Who will foot the oil spill bill?

Seven weeks after the catastrophic oil spill at Namibia Dairies in the capital, it is still unclear who is responsible, and more importantly, who will pay for the cleaning operations.

31 March 2019 | Disasters

Windhoek • Clemens von Alten



Although the Gammams wastewater treatment plant is fully operational again, the quality of treated water leaves much to be desired after its temporary shutdown.

“Many of the microorganisms, including good bacteria that helps get rid of impurities in the waste water, have been lost,” said the municipality's chief engineer, Sebastian Hüsselmann.

It will still take some time for the biological processes to completely recover, to the dismay of the Windhoek Goreangab Operating Company (WINGOC), which receives waste water from the Gammans wastewater treatment plant and treats water until it is fit for human consumption.

Although the plant resumed operations on 8 March, it is only able to produce about half of its usual volume. “As the quality of treated drinking water improves, WINGOC can gradually increase production,” said the City of Windhoek's spokesperson, Lydia Amutenya.

In the meantime, NamWater is supplying the capital with additional drinking water.

The question however remains, who is responsible for the damage of infrastructure and the environment?

The deciding factor will likely be whether Namibia Dairies has met legal requirements for handling heavy oil.

According to media reports, the Ministry of the Environment was quoted as saying that the company has no environmental management plan, while the parent company of the dairy, Ohlthaver & List (O&L) claims the opposite. “Namibia Dairies was given until 29 March to meet all conditions. Only then will we know if they comply with requirements,” Amutenya said.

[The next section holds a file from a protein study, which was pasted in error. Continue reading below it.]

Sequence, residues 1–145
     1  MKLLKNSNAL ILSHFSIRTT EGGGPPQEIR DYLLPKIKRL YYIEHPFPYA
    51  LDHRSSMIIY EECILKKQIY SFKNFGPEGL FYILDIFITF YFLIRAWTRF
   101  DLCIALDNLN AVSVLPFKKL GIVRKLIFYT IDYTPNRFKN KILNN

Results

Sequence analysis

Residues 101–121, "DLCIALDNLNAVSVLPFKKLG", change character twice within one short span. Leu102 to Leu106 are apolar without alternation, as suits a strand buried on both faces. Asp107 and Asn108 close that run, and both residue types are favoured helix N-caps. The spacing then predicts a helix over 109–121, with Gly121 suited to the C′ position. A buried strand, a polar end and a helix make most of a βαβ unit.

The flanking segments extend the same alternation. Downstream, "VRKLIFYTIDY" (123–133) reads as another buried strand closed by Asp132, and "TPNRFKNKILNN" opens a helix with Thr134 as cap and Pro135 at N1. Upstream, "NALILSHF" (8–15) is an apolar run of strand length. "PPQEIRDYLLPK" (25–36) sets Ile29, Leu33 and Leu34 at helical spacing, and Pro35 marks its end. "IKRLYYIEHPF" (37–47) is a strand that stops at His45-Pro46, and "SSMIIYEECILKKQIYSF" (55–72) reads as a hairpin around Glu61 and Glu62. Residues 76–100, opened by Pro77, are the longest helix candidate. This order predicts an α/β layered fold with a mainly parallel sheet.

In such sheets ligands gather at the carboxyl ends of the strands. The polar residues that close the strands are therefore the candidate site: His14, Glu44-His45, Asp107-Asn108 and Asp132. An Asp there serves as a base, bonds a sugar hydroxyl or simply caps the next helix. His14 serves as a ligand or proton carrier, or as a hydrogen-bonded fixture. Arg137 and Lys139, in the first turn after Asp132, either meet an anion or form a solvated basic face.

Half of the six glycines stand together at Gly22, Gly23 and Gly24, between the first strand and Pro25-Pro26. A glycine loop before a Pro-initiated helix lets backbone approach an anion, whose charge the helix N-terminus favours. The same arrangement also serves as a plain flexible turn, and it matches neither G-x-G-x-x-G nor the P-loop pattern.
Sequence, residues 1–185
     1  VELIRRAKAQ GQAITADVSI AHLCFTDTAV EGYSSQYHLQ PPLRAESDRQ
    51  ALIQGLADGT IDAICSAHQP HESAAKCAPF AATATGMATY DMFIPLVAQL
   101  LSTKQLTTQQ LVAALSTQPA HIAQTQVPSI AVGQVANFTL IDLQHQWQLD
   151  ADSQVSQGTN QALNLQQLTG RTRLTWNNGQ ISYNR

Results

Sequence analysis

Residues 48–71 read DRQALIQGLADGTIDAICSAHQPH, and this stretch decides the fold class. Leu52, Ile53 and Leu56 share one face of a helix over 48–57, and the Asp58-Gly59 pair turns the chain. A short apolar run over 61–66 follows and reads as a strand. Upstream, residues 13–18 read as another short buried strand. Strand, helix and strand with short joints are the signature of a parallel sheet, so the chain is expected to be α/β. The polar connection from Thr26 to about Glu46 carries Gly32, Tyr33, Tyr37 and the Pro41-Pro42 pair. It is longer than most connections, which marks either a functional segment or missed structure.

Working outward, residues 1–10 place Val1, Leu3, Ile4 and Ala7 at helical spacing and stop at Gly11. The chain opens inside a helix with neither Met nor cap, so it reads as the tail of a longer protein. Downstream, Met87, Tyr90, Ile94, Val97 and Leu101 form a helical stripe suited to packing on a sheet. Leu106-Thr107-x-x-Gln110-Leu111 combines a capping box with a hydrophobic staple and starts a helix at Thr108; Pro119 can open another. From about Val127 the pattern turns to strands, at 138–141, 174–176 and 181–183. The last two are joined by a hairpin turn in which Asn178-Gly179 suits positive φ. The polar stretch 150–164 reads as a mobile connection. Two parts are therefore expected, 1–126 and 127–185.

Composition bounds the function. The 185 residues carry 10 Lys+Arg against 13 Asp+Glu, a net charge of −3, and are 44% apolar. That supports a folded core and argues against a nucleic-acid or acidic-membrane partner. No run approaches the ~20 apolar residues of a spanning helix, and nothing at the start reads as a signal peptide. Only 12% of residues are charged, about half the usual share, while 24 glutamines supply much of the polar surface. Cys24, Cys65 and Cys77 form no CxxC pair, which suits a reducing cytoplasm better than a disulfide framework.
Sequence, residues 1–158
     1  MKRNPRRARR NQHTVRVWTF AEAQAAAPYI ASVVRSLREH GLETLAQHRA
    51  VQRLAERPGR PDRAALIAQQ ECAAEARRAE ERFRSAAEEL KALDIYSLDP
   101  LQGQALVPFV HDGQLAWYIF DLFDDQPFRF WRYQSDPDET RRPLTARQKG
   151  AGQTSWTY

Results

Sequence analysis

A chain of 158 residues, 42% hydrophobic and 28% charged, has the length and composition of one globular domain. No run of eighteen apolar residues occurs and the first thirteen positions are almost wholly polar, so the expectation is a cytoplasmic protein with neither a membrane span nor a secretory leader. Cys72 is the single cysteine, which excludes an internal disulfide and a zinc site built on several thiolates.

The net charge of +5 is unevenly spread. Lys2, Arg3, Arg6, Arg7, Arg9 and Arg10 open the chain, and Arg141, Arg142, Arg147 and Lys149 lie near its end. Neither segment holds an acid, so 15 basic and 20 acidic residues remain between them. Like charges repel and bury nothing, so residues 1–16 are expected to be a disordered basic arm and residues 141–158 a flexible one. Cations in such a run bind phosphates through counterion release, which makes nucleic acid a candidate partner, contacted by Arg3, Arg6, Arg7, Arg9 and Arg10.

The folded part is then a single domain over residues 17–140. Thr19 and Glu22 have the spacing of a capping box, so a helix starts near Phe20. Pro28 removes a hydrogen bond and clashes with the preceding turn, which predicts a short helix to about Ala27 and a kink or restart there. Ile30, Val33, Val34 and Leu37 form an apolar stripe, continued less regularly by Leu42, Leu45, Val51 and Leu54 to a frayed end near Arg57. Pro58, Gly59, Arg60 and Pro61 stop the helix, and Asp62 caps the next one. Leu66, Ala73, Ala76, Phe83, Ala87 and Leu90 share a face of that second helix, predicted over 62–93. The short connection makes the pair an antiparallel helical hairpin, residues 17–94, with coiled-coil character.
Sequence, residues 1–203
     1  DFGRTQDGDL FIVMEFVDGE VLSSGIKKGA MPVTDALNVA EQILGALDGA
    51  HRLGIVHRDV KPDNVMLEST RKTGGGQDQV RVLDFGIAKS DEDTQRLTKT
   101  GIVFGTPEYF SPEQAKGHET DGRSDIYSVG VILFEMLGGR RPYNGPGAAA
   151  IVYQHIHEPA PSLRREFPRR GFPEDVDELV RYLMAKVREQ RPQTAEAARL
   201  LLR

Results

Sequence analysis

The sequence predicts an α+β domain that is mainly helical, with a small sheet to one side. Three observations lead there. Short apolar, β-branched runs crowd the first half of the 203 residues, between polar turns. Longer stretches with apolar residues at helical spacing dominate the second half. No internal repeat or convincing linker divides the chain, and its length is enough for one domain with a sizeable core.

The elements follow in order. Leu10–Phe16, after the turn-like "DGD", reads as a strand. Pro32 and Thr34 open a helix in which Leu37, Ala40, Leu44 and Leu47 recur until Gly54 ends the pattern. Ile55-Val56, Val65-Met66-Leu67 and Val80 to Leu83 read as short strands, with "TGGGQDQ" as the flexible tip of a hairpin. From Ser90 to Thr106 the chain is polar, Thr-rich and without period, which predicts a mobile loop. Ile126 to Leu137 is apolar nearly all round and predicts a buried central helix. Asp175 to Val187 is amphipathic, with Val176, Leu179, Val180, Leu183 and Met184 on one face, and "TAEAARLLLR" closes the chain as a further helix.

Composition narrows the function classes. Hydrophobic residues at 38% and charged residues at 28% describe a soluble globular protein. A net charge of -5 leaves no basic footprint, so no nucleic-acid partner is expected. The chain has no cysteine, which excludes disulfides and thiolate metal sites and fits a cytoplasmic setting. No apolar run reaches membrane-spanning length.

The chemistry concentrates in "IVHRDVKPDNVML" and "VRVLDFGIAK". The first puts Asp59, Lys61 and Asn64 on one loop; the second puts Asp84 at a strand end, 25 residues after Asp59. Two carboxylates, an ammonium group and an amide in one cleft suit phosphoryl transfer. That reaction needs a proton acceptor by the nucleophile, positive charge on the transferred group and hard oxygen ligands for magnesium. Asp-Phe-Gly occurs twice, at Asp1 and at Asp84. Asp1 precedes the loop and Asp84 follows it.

Another issue is whether or not Namibia Dairies informed the treatment plant of the oil leak timeously.

The incident occurred in the early hours of 3 February on the property of the dairy in Avis. According to official data, a boiler pressure valve failed, causing 24 000 liters of heavy oil to drain, while an estimated 6 000 liters spilled into city sewers.

To prevent damage, the Gammams plant was shut down soon after and all wastewater was diverted directly to the Goreangab dam. Nevertheless, an unknown amount of oil reached the sewage treatment plant, which could not resume operations until about three weeks later.

According to estimates by a South African expert, the complete refurbishment of the plant could cost up to N$32 million. Meanwhile, although other experts have been consulted, more details on the financial scope of the damage could not be given by Amutenya. It is also unclear how severe the impact is on the environment.

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